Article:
During Net art’s heyday, Dyke Action Machine!, a lesbian interventionist public-art project cofounded by graphic designer and painter Carrie Moyer and photographer Sue Schaffner, released an interactive Web-based work titled Gynadome, 2001. Riffing on the 1970s womyn’s land movement popular among lesbian separatists, Gynadome imagined a post-digital world where “women are Women, the men have been put out to pasture, and computers are just Big Paperweights.”
“Analog Time,” an exhibition of colorful, biomorphic acrylic paintings and collages Moyer made over the past year, likewise plays with the various images and constructs to which a lesbian artist might find herself the leery heir. Spores, fronds, and ovaries—a fertile iconography that conjures up feminist back-to-the-land art—populate Moyer’s sweeping canvases and intimately scaled collages (the latter usually serve as studies for the paintings, but here they’re presented more autonomously). The fabulously titled painting Pet My Leaf, 2020, lays it on particularly thick: In a tangle of hard-edge organic forms and loose aqueous passages, furry, buff-colored “leaves” meet a big, hematic painterly drip accented with glitter. Several of these yonic shapes have skeuomorphic drop shadows, a tongue-in-cheek move that heightens the unholy interpenetration of illusionistic and flat space and analog and digital space. The drop shadow reappears in another leafy scene, Split Infinities, 2020, and is unnaturally affixed to a curling frond stained the color of an egg yolk.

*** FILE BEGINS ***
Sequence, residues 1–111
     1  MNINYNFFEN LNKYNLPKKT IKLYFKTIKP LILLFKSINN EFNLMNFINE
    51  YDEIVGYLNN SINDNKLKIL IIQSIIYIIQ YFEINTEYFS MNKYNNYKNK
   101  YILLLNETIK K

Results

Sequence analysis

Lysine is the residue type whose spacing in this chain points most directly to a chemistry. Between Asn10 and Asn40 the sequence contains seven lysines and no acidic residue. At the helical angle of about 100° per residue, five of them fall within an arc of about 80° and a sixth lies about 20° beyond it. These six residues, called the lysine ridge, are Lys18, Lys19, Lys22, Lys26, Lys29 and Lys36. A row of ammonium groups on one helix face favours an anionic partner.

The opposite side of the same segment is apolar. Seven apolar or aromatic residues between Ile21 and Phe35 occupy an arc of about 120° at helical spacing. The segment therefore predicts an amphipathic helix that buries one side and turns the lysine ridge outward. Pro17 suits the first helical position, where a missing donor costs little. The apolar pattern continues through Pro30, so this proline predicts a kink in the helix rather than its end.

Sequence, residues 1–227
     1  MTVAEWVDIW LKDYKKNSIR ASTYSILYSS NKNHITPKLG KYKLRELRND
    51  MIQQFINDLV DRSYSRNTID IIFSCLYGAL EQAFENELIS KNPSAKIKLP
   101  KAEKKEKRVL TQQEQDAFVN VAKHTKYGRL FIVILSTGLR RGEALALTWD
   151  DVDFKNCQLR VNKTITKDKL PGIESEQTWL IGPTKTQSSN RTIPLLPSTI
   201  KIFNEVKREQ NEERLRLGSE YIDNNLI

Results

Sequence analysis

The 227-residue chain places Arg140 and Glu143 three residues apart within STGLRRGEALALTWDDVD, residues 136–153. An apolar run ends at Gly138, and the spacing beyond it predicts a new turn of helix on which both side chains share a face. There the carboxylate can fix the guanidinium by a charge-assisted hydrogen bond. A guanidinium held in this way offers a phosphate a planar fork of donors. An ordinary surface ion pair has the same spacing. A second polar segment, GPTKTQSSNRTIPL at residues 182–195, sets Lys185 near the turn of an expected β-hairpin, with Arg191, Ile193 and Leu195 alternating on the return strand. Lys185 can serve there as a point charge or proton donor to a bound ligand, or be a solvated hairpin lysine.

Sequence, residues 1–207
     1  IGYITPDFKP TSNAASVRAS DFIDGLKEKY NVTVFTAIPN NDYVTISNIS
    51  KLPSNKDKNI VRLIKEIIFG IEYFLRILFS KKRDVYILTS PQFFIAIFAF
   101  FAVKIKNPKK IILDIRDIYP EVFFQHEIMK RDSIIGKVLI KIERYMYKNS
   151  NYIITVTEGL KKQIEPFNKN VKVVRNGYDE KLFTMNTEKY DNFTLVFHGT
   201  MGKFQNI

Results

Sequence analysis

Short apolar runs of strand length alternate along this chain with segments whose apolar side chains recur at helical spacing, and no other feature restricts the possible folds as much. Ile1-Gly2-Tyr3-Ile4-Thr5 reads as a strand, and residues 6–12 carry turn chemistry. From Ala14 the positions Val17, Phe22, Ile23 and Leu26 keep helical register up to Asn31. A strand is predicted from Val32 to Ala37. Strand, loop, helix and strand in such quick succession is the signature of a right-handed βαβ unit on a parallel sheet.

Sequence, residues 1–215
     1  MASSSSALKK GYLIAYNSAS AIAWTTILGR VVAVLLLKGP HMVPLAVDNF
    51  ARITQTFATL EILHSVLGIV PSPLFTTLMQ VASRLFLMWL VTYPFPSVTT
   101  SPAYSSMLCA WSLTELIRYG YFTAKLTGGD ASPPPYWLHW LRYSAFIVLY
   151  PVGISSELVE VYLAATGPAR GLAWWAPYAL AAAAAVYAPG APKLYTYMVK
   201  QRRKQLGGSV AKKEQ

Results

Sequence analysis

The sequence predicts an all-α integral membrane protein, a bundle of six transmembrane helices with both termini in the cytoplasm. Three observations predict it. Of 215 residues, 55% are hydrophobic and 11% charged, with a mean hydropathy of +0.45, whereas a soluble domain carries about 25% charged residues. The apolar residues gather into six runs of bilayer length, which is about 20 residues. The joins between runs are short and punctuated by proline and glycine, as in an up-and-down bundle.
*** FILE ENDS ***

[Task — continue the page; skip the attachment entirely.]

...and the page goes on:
Moyer repurposes and recodes an array of source materials here, including the vegetal flourishes of Art Nouveau, sci-fi-style amoebas and orbs, Georgia O’Keeffe’s eroticizing close crops, Helen Frankenthaler’s wet soak-stains, and decorative media like glitter and glaze. With their richly varied vocabularies and surfaces, Moyer’s orgiastic canvases contain multitudes. Their inner tensions keep them labile and open-ended, making space for all manner of pleasurable encounters.